Nothing About us Without us
Inclusion matters to those living with dementia
Mary Beth Wighton is frank about why she no longer carries a credit card and doesn’t have ready access to cash.
“People with the type of dementia I have struggle with finances,” says Wighton, 52, who was diagnosed with probable frontotemporal dementia, a type of young-onset dementia, six years ago.
But the conclusion to “close the bank” wasn’t made for her; it’s a decision she and her care partner came to together. Another change they negotiated was switching doctors shortly after her diagnosis. Wighton’s original physician equated dementia with incompetence, while her new doctor shares Wighton’s view that keeping busy and working hard — not giving up — is the best medicine.
“We realized very quickly that we had to do things for ourselves. We had to advocate for ourselves,” says Wighton. “No one else was doing that for us.”
In the years since her diagnosis, Wighton, who lives in Southampton, Ontario, has become an advocate for herself and a voice within Canada’s dementia community, telling others it’s their right to be included in decisions around their health, care, work and life. Her message is so strong that she was recently appointed to the Ministerial Advisory Board on Dementia — she is one of two people living with dementia who sits on the board, and her lived experience will help guide our national strategy.
To be meaningful, Wighton says Canada’s National Dementia Strategy must promote inclusivity, which is a hot topic in the dementia community. Also known as the “Nothing about us without us” movement, inclusion means letting people who are living with dementia have a say in decisions that impact them. It also means providing them with access to adequate support.
“It is about our basic human rights, as members of civil society, to be supported to live in our communities with support for our disabilities,” says Kate Swaffer, an international dementia and human rights activist based in Australia, who was diagnosed with young-onset dementia at age 49. “It is also about adequate health care, respectful language on our terms, and truly adequate — and mandated — disability support.”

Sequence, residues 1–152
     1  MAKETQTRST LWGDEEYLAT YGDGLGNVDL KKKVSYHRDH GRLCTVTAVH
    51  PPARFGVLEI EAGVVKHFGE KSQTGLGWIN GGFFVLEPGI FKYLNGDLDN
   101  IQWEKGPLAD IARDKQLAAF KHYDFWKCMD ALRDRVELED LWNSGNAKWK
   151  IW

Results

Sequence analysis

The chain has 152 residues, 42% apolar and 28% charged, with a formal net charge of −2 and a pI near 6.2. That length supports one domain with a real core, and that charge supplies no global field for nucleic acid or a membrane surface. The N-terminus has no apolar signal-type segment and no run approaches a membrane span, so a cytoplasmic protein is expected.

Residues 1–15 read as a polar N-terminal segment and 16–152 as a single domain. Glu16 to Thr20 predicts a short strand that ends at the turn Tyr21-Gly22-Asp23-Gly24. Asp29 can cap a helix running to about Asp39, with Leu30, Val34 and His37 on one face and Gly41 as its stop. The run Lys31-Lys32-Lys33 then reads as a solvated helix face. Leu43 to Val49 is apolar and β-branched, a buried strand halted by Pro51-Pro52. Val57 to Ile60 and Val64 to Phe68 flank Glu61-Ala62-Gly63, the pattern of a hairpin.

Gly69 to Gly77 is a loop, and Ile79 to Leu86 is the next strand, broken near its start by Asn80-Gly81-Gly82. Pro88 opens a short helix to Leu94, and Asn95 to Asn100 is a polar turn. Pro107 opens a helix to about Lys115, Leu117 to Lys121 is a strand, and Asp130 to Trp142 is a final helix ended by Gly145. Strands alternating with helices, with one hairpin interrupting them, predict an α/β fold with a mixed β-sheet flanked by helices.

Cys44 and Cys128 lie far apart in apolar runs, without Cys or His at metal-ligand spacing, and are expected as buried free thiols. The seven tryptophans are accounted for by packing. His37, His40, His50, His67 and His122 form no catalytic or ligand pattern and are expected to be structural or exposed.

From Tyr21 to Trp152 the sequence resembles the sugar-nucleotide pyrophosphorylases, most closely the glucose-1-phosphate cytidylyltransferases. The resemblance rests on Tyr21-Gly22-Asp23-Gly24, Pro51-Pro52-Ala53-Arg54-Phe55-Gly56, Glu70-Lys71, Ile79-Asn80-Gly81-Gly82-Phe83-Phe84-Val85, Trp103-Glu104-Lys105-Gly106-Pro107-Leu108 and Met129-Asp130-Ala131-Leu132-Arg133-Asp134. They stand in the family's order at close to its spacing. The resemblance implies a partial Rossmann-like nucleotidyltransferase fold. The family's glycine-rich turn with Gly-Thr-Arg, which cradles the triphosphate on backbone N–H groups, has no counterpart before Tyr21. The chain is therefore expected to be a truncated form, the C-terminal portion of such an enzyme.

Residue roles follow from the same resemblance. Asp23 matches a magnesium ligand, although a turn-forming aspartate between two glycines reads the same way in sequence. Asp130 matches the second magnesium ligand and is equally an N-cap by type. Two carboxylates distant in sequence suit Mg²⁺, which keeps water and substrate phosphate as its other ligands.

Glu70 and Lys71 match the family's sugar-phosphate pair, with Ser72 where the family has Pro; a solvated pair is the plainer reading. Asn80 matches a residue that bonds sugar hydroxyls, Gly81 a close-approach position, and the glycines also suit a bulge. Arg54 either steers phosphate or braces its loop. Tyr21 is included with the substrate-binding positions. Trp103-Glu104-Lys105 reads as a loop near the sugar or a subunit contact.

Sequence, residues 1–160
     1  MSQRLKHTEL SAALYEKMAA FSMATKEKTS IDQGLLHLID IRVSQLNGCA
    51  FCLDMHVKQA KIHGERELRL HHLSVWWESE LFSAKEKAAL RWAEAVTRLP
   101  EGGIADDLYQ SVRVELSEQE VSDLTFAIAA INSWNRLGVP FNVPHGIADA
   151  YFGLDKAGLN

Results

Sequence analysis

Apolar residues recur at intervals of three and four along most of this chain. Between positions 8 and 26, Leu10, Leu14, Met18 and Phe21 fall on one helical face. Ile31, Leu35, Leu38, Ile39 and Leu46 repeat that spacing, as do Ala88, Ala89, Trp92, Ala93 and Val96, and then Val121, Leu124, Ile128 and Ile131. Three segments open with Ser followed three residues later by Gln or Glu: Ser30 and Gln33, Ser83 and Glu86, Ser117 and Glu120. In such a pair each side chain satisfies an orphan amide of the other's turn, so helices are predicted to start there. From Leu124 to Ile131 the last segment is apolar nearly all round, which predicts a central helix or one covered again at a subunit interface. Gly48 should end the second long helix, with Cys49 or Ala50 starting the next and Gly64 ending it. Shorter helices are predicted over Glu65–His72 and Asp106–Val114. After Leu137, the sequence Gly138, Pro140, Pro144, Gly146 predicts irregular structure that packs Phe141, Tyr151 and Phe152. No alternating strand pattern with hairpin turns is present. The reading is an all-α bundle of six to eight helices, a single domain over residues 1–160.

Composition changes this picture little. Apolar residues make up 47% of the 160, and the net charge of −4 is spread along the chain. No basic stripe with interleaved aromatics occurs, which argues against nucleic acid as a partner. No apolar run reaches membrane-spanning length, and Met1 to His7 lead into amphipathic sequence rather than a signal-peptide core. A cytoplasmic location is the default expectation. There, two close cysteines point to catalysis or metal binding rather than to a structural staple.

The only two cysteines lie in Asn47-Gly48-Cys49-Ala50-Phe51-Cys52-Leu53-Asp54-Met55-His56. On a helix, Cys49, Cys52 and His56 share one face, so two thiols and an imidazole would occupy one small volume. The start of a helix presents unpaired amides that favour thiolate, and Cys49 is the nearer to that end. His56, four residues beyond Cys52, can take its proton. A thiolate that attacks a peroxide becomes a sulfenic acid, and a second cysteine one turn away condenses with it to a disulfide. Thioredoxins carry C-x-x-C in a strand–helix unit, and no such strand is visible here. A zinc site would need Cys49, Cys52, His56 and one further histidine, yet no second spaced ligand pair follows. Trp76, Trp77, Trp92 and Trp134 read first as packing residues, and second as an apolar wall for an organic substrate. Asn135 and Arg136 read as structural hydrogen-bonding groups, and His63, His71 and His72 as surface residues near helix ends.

Inclusion sounds like an easy concept to activate, but one of the biggest obstacles to dementia inclusivity is stigma. Because dementia affects cognition, well-meaning friends and family — and even those in the medical field — often assume people living with dementia are not mentally capable to make decisions.
So strong is this stigma, survey results released in January by the Alzheimer Society of Canada showed that 46 per cent of respondents said they’d be embarrassed to have a dementia diagnosis.
On the path toward equal inclusion, “the biggest hurdle I have seen is the systemic and gross underestimation of the capacity of all people with dementia, even in the later stages of the disease,” says Swaffer. “It is still too much ‘us’ and ‘them.’”
Surrey, B.C.-based Jim Mann agrees there is a lot more work to be done to get over the stigma. Mann, who is also on the Ministerial Advisory Board on Dementia, was diagnosed with Alzheimer’s in 2007 at the age of 58. In the intervening decade, he has worked hard to educate people about the condition.
“So many people think that, as soon as you’re diagnosed, it labels you incapable or incompetent and you immediately go into residential care. And, for most people, it’s a journey,” says Mann. “Most of us are able to live a good life with the diagnosis, and that’s a big message.”
It’s a message that will go a long way toward making inclusion a reality. [ ]